The article also contains links to my previous articles on Dole, Chiquita, and Fresh Del Monte.
Nothing really. I stop following companies that I do not think are very good long term buys so I have not noticed its price appreciation or any news related to the company since I published my article, and our previous conversations.
Short term price appreciation means very little to me and had not noticed that it has jumped from around $9 when I was doing my research on ACET to around $10 now.
Congratulations on your gains.
Not sure at this point. Will probably get more clarity after the sale is completed.
Thank you for your comments and compliment.
Wish I would have been at $3 for BOBS excellent gains for you so far and I think further will eventually come.
That is actually a very good point about the franchises, had not thought of it that way before, thank you for making that excellent point. Maybe once they get over a certain threshold of restaurants they will either raise the franchise fee back to the R$ 90,000 that it was before, or raise the royalty fee by 0.5 or 1% point to generate more income.
Thanks for you question.
Actually I think this, along with some of the other things I outlined in my article are giant positives.
To me it means that that BOBS has at least some power over their supply chain to enable favorable terms for them in conjunction with its exclusivity agreements, which at least in part leads to some amount of float for the company, a minor moat in my opinion, the combination of which has led to BOBS increased sales and growing margins. All good things in my book.
I hope your right about some kind of buyout as that would be fantastic for all shareholders. I do not know if the four major shareholders who own about 63% of BOBS would relinquish control though unless the buyout offer was a very high price.
I agree that with that the Confederations Cup, World Cup, and Olympics all coming up should generally help BOBS.
I am a bit confused by your last sentence though. Are you saying that you think by 2017 BOBS should be worth $300-500 a share, and what kind of IPO or LBO are you thinking about for BOBS? Spinning off or selling some of its restaurants?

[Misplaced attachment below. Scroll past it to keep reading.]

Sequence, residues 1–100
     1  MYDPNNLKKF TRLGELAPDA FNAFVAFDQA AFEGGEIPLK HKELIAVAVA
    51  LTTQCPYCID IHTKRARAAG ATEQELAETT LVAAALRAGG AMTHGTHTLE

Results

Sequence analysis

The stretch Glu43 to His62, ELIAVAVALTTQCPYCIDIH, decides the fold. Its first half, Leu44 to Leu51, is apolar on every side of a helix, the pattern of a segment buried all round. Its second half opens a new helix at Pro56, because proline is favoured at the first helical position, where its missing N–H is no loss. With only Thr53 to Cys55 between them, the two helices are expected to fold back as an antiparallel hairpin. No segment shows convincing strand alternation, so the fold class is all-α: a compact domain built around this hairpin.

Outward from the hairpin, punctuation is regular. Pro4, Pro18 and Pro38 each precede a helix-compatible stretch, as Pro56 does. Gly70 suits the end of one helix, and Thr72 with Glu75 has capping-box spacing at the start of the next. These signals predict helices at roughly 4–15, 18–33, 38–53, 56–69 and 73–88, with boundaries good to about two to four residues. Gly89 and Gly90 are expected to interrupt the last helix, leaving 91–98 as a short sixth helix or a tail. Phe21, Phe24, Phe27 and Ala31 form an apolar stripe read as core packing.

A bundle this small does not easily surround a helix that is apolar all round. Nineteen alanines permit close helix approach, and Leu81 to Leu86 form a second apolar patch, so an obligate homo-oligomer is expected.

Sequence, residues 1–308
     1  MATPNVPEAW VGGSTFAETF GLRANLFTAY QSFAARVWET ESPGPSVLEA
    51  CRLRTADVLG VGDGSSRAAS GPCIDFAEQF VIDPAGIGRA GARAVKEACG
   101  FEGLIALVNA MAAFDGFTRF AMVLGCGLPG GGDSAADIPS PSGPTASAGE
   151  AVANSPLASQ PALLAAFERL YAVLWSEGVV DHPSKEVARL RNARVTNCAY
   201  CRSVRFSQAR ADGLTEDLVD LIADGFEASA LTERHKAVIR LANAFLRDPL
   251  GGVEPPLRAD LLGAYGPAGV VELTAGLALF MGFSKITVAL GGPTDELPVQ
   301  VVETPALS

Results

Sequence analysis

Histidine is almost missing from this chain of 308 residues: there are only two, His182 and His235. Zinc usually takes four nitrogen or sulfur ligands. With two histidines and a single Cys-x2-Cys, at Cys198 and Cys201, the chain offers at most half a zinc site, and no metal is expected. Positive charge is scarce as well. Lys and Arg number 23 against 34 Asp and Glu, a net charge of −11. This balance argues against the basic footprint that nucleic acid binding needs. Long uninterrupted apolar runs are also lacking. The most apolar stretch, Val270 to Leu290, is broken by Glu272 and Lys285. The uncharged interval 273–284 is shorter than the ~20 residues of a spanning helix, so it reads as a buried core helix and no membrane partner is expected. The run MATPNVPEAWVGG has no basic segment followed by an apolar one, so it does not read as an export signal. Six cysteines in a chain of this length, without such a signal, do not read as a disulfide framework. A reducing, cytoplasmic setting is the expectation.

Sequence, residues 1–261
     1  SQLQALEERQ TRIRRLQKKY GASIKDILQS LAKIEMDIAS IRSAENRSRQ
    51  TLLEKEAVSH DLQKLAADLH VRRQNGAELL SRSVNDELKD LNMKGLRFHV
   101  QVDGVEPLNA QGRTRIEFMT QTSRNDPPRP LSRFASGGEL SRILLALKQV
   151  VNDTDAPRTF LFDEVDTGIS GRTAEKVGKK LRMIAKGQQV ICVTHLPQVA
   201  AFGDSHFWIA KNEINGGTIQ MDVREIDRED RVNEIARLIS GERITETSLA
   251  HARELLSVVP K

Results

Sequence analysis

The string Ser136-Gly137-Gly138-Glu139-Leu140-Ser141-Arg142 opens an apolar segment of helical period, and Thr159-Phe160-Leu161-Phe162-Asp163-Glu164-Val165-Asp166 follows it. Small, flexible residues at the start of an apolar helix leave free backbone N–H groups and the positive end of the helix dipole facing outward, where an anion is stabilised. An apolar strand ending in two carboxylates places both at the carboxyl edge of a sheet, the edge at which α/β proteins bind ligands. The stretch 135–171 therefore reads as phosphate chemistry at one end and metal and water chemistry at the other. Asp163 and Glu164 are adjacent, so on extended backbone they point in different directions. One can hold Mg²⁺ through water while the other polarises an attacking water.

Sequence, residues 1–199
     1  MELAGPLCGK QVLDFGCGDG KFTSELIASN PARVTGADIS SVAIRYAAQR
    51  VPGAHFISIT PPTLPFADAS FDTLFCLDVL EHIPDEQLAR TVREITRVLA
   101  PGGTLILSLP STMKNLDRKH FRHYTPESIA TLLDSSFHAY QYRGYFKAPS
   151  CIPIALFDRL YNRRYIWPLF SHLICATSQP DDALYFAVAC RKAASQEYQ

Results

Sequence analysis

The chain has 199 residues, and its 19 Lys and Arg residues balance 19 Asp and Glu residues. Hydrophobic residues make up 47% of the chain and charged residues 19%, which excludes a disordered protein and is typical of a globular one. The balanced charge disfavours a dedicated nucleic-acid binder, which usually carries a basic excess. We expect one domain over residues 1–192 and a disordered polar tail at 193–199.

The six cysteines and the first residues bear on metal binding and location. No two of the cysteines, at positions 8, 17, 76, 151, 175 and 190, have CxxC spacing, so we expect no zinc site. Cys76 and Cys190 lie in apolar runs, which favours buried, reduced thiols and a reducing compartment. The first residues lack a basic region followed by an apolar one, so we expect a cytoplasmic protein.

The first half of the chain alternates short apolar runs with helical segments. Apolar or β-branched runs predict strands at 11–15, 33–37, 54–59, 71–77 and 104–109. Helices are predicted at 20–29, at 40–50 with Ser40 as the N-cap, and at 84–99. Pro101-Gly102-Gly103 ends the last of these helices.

@Steinway Capital
Thank you for the very detailed run down of BOBS.
You obviously have spent quite a bit of time in Brazil and know how the fast food/restaurant market works pretty well from firsthand experience so thank you very much for sharing you analysis of the situation I appreciate it very much.
This is the major flaw in all of the analysis that I do is that since I do not yet have the means to travel and visit the companies I buy into, I have to rely on whatever information I can find online though company filings and other any other information I find for my analysis. It is always great to hear from someone who has actually visited the places I invest in as you obviously know more about the daily workings of the company than someone like me who just reads the filings and whatever other information I find online.
I agree with a lot of what you said about competition and how management may be distracted with continued acquisitions and I would also like to see them concentrate more on its current Bob's burger chain. Some of the above reasons are why I said I am not sure that the small moat I see within BOBS, with its relationship with suppliers, exclusivity agreements, and growing scale are long term sustainable competitive advantages.
If you do not think that BOBS has any kind of competitive advantages why do you think the company has been able to have such a high ROIC?
I would be very interested to see your thoughts on this as you are a long time follower of the company and have more direct knowledge of them than I do, and would appreciate any further knowledge you would share here.
Nice picture for your profile. Have you eaten at BOBS restaurants before and if so what are your thoughts on them?
Thank you very much. I appreciate your kind words very much.
@Roger AH
Normally I would agree with you and I would not have started to research a company who has recently deregistered with the SEC but after researching the company and its management pretty extensively I trust that management would not want to see this company slip into oblivion. Management has spent the better part of the last 20 years building BOBS up and four people who are closely involved with the company (CEO, franchise owners, and family members) own 63.2% of the company's stock so they would stand to lose a lot of money if they company started to have problems.